Immunoprecipitation practical tools magnetic beads and agarose resin performance competition
IP experiments are the choice of proteomics research partners when we need to concentrate proteins in small amounts and perform a single assay.
Co-IP is almost mandatory when we need to demonstrate protein-protein interactions. Using cell lysis samples, the interaction of intracellular proteins was proved and the molecular mechanism of the phenomenon was elucidated.
At this time, the practical tool for IP experiment is the most urgent problem to be solved by the majority of proteomics researchers. Then how to choose the most suitable IP tool for their primary antibody? Here is a comparison of IP utilities (magnetic beads and agarose resin) :
First, because IP was developed as an improved method for column affinity chromatography, it was initially done using small amounts (10 -- 25 µL) of agarose resin in microcentrifuge tubes. Agarose is a spongy structure of various shapes and sizes (50-150 μm in diameter). Resin must be separated from the sample and buffer by centrifugation: the clear resin can be precipitated and the solution carefully removed, or the resin can be retained using a microcentrifuge filter and the solution collected in the centrifuged tube. These limits limit how scalable or automated agarose IP can be.
In recent years, magnetic particles have largely replaced agarose as the preferred support for immunoprecipitation and microaffinity purification methods. Magnetic particles are spherical solids and antibody binding is limited to the surface of each bead. Although magnetic beads do not have the advantage of a porous center to increase binding capacity, they are significantly smaller than agarose microbeads (1-4 μm in diameter) and can provide a large enough total surface area for high volume antibody binding.
To understand their performance differences, start with their microscopic morphology:
The spongy structure of the agarbose bead, shown here, is 50-150 μm in diameter and binds antibodies (and thus target proteins) directly, efficiently and rapidly, without the need for specialized equipment.
The structure of the magnetic bead, shown here, is solid and antibody binding is limited to the surface of the bead. The magnetic beads have a diameter of 1-4 μm, which is significantly smaller than that of agarose beads. Although the magnetic beads have no porous center to increase the binding capacity, the number of magnetic beads per volume is more than that of agarose beads, so that the magnetic beads have enough antibody binding surface area to meet the high capacity of antibody binding.
In order to give you a better understanding of magnetic beads and agarose resin, we have compared a number of their data, as shown in the following table:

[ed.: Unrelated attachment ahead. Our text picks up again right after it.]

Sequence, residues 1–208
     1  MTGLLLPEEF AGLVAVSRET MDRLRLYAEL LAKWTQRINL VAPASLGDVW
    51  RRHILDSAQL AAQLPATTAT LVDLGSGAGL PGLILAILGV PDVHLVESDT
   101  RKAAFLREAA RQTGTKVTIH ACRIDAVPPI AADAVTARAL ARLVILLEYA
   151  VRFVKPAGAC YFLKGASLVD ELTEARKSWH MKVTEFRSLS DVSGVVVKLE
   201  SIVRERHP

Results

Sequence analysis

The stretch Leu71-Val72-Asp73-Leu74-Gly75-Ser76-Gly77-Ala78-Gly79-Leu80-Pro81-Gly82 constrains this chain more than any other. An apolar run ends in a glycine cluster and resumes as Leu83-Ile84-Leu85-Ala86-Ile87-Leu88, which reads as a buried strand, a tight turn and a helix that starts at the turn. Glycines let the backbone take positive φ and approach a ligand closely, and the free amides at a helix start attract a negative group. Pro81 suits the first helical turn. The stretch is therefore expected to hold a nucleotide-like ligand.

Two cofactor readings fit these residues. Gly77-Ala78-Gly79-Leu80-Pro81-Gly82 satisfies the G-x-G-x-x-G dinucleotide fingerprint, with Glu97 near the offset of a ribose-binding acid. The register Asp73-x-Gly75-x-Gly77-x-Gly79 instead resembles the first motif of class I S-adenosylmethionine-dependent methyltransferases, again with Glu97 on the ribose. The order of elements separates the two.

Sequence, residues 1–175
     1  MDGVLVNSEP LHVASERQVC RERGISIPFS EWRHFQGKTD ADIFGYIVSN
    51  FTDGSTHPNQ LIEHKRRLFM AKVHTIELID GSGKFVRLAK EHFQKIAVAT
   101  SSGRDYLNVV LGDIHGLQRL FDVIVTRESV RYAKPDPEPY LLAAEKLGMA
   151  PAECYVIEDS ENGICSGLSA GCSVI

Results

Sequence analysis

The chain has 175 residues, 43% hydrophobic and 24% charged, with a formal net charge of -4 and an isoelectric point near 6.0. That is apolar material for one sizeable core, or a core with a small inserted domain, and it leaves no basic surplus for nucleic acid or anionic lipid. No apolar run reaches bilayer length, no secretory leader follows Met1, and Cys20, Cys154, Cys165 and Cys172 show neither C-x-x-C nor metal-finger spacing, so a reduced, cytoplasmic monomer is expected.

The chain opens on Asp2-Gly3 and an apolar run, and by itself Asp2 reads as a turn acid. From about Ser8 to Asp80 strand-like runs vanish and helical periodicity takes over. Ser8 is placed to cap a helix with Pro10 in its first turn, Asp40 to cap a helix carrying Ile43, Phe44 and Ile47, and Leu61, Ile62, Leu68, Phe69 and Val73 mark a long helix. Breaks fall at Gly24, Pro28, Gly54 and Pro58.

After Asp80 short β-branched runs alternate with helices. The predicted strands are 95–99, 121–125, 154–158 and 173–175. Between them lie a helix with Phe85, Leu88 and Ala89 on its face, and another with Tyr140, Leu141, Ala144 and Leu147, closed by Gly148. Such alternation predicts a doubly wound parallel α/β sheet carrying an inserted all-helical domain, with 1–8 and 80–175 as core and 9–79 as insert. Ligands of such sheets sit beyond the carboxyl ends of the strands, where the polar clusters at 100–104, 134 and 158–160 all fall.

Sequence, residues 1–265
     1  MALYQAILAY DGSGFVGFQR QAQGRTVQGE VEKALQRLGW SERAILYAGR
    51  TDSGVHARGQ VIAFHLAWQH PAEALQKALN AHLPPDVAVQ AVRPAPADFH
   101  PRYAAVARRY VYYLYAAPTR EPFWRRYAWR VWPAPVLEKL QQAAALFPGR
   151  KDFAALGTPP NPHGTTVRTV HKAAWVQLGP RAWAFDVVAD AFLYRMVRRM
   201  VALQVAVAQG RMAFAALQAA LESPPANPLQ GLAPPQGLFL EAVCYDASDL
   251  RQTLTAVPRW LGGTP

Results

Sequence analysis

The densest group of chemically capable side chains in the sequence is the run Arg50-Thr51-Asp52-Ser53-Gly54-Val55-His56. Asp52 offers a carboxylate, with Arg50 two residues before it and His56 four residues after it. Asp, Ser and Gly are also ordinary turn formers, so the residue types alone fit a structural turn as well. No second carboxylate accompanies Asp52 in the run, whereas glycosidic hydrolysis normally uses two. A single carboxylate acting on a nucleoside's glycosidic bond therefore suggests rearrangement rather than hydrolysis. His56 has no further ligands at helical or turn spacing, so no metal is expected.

|performance||Capacity||Yield||Reproducibility||Purity-Specificity||Easy of Use||Speed||Multiple Samples||Automation|
The functional comparison between immunoprecipitated magnetic beads and agarose resins is shown below:
|pros and cons||Agarose Beads||Magnetic Beads|
|Capacity||Porous (spongy), it has a large surface-volume ratio, high antibody binding ability.||The outer surface is smooth and porous, and the theoretical binding ability of magnetic beads is lower than that of agarose.|
|Yield||Antibodies fixed to spongy agarose do not always bind to the target protein (usually large protein complexes) in the sample, and antibodies may be lost during the washing step (centrifugation)||Antibodies bound to the surface of the magnetic bead can bind to the antigen, and antibodies are rarely lost in the mild washing step (magnet) at an equal or higher rate.|
|Reproducibility and Purity-Specificity||It is difficult to completely remove the buffer without damaging and approaching some of the precipitated resins, and agarose usually requires long incubation times (allowing diffusion of the solution into internal space) and pre-purification steps (controlling nonspecific binding of non-target proteins).||All magnetic beads are fixed on the wall of the tube, so the buffer can be removed without touching the precipitation of magnetic beads. The size is more uniform, and prepurification steps are generally not required. The reproducibility and purity of magnetic beads are generally higher than that of agarose.|
|Easy, speed and Automation||IP requires a long incubation time, pre-purification steps and multiple centrifuges, so it requires a lot of manual handling, with a total time of 1-1.5 hours.||A single magnetic bead immunoprecipitation can be used in about 30 minutes and multiple steps can be performed automatically.|
The comparison is summarized as follows:
Magnetic beads: Immunoprecipitation is performed using magnetic beads (i.e., when sample volume < 2 mL). Magnetic beads can achieve a balance of binding power/yield, repeatability, purity and cost savings in routine small-scale isolation of specific proteins and protein complexes. Magnetic beads are the best choice when manual and automated standard IP, co-IP, ChIP, chip-seq, RIP and pull-down reactions are performed and immediately used for subsequent detection analysis.
Agarose resin: Protein purification using agarose resin (i.e., when sample volume > 2 mL). Agarose is best suited for column affinity chromatography or stand-alone large rotating cup immunoprecipitation reactions when large volumes of antibodies are cost-effective and large volumes of target proteins are purified for multiple downstream analyses.
Related products recommendation
|Product NO.||Product Name||Application|
|KTD104-EN||Universal IP/Co-IP Toolkit (Magnetic Beads)||IP/Co-IP|
|KTD105-EN||Universal IP/Co-IP Toolkit (Agarose)||IP/Co-IP|
|KTP2070||PurKine™ Antibody Purification Kit (Protein A/G)||Protein Purification|
|BMR2070||PurKine™ Protein A/G Resin 4FF||Protein Purification|
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